33 Ms Marshall told the learned Magistrate that after the respondent brought the dog home, she thought it was fine. She examined the dog and touched the right hind leg and the dog did not respond. She said that she thought that the respondent tried to ring the other veterinary surgeon in Port Lincoln who was Dr Grainger but received no response. She could not remember on which day these calls were made.

34 The respondent also called Mrs Weir. She told the learned Magistrate that she went to the respondent's house on the Friday or the Saturday. She said that she did not telephone Dr Mooney. She inspected the dog and noticed that a hind leg was loose. She said the dog did not appear to be in any pain and as it was walking on three legs and its tail was wagging. She told the respondent that she would take the dog to the veterinary surgeon on the Monday if he and Ms  Marshall had to work. She told the learned Magistrate that other than the condition of the leg, the dog was alright. She said she had seen the respondent with the dog previously and he was "really good" with it. She said that she did not give any advice to confine the dog but she did tell the respondent that he should have the dog checked and he told her that he tried to contact a veterinary surgeon without success. He said he would try again.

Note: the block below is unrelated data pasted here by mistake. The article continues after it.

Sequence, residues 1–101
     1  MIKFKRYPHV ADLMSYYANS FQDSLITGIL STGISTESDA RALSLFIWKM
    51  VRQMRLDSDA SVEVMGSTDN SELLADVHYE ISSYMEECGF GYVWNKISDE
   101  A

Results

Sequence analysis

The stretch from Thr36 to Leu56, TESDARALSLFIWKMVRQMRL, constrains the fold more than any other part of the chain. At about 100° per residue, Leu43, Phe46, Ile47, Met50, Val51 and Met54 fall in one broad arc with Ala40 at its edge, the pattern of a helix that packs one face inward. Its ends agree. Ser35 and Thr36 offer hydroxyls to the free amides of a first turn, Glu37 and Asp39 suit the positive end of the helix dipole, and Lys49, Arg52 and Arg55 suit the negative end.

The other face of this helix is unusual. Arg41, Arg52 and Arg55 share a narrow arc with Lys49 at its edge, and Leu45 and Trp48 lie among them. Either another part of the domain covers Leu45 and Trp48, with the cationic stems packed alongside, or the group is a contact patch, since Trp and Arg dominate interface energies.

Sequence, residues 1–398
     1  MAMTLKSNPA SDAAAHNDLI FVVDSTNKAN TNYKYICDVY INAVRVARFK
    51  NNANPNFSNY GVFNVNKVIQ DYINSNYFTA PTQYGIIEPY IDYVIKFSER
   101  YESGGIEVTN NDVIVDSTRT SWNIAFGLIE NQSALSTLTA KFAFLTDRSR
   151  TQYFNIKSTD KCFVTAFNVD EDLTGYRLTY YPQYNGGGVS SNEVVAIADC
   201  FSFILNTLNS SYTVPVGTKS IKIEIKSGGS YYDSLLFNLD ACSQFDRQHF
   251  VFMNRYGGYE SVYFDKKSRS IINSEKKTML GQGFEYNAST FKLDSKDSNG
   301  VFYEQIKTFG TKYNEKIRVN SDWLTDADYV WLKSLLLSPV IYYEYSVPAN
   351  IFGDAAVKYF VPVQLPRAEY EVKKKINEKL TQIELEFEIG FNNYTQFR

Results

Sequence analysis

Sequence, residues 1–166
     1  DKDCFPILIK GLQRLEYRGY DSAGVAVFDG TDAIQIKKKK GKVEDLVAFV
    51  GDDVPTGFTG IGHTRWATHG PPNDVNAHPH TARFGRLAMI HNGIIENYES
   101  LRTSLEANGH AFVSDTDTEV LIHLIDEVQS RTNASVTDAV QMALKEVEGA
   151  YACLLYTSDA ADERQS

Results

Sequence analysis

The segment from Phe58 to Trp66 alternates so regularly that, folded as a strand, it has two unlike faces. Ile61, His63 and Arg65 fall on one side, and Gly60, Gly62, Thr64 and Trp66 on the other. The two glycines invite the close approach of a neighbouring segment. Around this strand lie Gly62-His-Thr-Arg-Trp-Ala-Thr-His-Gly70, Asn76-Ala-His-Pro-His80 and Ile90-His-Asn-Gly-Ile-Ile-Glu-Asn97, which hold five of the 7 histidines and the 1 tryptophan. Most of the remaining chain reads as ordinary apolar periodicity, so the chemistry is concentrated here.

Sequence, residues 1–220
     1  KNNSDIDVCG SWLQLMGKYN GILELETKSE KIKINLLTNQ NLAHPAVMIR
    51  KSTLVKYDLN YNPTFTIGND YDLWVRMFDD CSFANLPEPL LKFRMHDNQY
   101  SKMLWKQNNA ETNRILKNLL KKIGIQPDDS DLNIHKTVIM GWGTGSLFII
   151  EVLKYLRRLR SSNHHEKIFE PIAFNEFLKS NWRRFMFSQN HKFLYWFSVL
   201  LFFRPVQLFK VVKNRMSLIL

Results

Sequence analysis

35 I have summarised the salient features of the evidence before the learned Magistrate. It will be seen that there are inconsistencies in the evidence. The learned Magistrate made the following observation: